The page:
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Oxidative Medicine and Cellular Longevity
Volume 2017 (2017), Article ID 3542149, 13 pages
Research Article

Inhibition of Caveolae Contributes to Propofol Preconditioning-Suppressed Microvesicles Release and Cell Injury by Hypoxia-Reoxygenation

1Department of Anesthesiology, Affiliated Hospital of Guangdong Medical University, Zhanjiang, Guangdong, China
2Department of Anesthesiology, Taihe Hospital, Hubei University of Medicine, Anesthesiology Research Institute of Hubei University of Medicine, Shiyan, Hubei Province, China
3Department of Anesthesiology, Dongfeng General Hospital, Hubei University of Medicine, Shiyan, Hubei 442000, China
4Key Laboratory of Protein Modification and Degradation, School of Basic Medical Sciences, Affiliated Cancer Hospital & Institute, Guangzhou Medical University, Guangzhou 511436, China
5Guangdong Key Laboratory of Age-Related Cardiac and Cerebral Diseases, Institute of Neurology, Affiliated Hospital of Guangdong Medical University, Zhanjiang, Guangdong, China

Correspondence should be addressed to Du Feng and Liangqing Zhang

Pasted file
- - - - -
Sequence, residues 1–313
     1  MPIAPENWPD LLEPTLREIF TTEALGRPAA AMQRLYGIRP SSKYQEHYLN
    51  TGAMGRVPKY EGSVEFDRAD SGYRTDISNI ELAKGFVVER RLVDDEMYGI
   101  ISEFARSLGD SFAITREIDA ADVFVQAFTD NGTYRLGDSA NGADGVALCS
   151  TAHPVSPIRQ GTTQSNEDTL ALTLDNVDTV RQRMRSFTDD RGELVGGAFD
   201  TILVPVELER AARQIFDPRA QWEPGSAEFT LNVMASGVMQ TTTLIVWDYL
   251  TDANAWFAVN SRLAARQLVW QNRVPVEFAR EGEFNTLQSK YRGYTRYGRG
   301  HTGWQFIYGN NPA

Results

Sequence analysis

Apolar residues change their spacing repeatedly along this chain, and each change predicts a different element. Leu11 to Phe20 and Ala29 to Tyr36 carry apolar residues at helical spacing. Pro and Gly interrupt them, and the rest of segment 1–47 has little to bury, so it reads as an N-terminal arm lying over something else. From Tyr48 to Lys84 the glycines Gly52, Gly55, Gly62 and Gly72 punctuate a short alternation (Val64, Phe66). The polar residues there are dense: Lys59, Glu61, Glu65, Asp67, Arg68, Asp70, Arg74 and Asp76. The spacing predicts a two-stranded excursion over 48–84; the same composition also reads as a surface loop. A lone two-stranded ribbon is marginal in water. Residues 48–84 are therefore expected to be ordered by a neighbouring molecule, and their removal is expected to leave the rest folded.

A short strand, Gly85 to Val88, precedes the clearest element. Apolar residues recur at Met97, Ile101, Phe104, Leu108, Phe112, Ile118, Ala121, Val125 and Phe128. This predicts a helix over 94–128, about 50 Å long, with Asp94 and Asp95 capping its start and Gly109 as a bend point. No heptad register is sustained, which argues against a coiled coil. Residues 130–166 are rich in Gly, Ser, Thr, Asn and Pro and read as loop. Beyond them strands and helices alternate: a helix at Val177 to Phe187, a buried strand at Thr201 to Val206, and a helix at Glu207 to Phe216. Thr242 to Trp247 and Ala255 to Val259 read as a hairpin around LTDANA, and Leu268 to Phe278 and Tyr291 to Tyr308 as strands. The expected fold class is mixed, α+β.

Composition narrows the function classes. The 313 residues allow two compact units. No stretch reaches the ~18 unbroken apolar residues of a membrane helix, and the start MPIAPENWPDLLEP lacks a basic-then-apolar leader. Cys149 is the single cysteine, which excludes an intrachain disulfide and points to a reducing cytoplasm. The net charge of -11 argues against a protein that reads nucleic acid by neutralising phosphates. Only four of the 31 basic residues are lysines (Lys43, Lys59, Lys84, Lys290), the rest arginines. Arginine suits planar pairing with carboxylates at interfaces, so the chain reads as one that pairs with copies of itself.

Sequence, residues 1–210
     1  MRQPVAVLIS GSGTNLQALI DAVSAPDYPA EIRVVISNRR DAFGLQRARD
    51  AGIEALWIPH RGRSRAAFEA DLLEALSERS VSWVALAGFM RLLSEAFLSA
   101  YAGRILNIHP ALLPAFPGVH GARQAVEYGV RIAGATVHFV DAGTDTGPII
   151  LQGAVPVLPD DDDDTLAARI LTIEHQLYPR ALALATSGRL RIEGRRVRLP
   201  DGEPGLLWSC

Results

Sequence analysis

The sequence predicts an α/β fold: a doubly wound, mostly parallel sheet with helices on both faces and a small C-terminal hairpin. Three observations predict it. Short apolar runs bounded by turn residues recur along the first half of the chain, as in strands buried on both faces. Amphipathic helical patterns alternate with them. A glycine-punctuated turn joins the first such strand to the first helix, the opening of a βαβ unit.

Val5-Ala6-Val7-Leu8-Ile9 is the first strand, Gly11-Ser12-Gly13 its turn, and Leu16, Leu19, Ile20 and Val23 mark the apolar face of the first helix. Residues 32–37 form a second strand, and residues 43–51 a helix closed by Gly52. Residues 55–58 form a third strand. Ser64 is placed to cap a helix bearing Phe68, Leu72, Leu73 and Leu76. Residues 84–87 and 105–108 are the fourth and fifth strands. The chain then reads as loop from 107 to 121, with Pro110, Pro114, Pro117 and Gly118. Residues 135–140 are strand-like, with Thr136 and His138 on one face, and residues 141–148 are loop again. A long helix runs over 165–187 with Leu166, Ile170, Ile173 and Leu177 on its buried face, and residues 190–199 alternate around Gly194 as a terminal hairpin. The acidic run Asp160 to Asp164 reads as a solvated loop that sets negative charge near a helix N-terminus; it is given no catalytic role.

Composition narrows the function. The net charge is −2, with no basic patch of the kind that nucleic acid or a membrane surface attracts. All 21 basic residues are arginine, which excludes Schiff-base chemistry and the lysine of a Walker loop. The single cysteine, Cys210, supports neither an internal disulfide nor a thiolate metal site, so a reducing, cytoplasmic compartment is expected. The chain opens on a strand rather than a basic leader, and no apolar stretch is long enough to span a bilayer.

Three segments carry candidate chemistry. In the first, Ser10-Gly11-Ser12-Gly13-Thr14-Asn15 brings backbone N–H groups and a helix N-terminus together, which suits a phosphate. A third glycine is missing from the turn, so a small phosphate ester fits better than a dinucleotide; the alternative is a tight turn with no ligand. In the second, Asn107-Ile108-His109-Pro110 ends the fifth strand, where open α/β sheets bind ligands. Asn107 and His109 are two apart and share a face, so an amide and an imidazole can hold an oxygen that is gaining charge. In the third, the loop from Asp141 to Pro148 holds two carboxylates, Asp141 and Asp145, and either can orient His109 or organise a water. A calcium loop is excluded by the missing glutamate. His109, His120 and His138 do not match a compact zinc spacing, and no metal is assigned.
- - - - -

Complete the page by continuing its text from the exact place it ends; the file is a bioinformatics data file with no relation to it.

Received 7 June 2017; Accepted 6 August 2017; Published 19 September 2017

Academic Editor: Hong Zheng

Copyright © 2017 Fan Deng et al. This is an open access article distributed under the Creative Commons Attribution License, which permits unrestricted use, distribution, and reproduction in any medium, provided the original work is properly cited.


Endothelial microvesicles (EMVs), released after endothelial cell (EC) apoptosis or activation, may carry many adverse signals and propagate injury by intercellular transmission. Caveolae are 50–100 nm cell surface plasma membrane invaginations involved in many pathophysiological processes. Recent evidence has indicated EMVs and caveolae may have functional effects in cells undergoing H/R injury. Propofol, a widely used anaesthetic, confers antioxidative stress capability in the same process. But the connection between EMVs, H/R, and caveolae remains largely unclear. Here, we found that H/R significantly increased the release of EMVs, the expression of CAV-1 (the structural protein responsible for maintaining the shape of caveolae), oxidative stress, and the mitochondrial damage, and all these changes were inhibited by propofol preconditioning. Interestingly, the caveolae inhibitor Mβ-CD strengthened the protective effect of propofol preconditioning. We further found that the release of EMVs is more significantly reduced under propofol preconditioning in the presence of the caveolae inhibitor Mβ-CD. EMVs released from H/R-treated cells caused a substantially increased mitochondrial and cellular damage to normal HUVECs after 4 hours of coculture. Thus, we conclude that inhibition of caveolae contributes to propofol preconditioning-suppressed microvesicles release and cell injury by H/R.